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High standards of IP protection in MUFTA attracts FDI

High standards of IP protection in MUFTA attracts FDI

Malaysia is currently in negotiations with the United States for a Free Trade Agreement (MUFTA) which is expected to ease the way for attracting more foreign direct investment to Malaysia.

Amongst the issues being negotiated is the strengthening of intellectual property rights (IPR) in Malaysia. Even though Malaysia already has high standards of Intellectual Property Rights (IPR) in the form of patents, trademarks and copyright, there is still a need to enhance the IP environment in order to recognize and reward research.

In order to attract foreign investment in the R&D sector, it is important to understand that foreign corporations invest not to make simple products but to produce those with high elements of innovation, creativity and design. This will help to promote foreign direct investment as it makes Malaysia more attractive for foreign investors that have invested heavily in research. This is especially so in the pharmaceutical industry which has been identified as a key growth sector under the Third Industrial Master Plan (IMP3).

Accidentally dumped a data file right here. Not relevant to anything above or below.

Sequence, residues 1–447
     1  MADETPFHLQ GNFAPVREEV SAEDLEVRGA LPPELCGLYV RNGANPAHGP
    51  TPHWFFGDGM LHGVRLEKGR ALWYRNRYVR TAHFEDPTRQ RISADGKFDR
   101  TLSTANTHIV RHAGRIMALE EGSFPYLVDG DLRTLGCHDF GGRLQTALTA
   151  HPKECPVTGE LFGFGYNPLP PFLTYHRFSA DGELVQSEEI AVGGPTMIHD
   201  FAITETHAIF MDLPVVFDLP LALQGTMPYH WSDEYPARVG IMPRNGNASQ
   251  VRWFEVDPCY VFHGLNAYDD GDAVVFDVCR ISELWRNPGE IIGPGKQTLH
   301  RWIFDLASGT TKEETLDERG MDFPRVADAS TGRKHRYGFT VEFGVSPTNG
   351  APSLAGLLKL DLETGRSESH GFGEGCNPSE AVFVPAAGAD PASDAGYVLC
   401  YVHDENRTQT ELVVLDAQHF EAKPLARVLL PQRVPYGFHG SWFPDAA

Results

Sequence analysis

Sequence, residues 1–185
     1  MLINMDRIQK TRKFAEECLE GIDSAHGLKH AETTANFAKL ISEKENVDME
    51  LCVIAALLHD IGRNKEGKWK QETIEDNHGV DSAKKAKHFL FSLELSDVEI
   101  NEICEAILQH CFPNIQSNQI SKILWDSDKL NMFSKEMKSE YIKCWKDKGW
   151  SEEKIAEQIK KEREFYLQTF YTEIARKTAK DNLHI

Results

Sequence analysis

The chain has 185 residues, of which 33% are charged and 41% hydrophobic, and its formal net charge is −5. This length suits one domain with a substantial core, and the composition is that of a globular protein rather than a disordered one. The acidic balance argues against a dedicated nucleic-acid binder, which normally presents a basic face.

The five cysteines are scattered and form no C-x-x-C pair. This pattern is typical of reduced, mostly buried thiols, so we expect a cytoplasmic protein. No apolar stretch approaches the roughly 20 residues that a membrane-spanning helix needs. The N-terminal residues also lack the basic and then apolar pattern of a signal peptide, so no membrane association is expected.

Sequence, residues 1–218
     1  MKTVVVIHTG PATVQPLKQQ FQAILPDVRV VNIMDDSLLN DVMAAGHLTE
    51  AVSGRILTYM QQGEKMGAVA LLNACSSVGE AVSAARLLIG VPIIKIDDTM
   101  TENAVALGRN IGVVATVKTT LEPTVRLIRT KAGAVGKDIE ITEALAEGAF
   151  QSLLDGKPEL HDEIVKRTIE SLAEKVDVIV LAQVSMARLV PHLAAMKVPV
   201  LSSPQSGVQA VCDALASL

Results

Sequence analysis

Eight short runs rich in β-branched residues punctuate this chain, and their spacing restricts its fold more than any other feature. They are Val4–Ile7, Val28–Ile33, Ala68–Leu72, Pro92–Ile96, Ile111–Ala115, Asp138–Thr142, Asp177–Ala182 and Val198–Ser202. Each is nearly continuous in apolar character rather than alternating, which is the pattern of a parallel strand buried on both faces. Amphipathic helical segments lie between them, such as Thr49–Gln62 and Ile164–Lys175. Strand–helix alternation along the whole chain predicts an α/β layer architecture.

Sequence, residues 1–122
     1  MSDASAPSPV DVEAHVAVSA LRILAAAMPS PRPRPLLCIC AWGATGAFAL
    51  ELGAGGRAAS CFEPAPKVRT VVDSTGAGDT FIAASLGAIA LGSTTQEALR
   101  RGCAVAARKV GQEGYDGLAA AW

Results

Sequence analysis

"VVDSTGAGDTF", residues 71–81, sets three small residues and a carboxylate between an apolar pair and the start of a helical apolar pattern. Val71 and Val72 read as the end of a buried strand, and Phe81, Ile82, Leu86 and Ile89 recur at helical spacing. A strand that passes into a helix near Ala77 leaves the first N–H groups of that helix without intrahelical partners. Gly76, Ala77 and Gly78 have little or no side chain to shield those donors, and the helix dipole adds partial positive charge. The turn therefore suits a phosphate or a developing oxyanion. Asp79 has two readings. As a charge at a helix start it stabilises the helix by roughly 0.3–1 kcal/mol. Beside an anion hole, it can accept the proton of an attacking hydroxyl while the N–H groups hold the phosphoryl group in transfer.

US pharmaceutical companies spent US$55.2 billion on R&D in 2006 and there is a great possibility of a fraction of that amount that can be diverted to Malaysia with the FTA. (PhRMA news Feb 12, 2007)

However, there are some unwarranted fears in the industry about the MUFTA provisions on IPR that will cause difficulties to local drug manufacturers who are mainly producing generic drugs. Such fears and apprehensions are largely misconceived because stronger intellectual property (IP) protection does not hurt local generic drug manufacturers or make them lose out. Instead the opportunities for them become better as it will attract investments from large pharmaceutical companies with resulting spin-offs to the local generic drugs manufacturers in terms of joint ventures, contract manufacturing and R&D.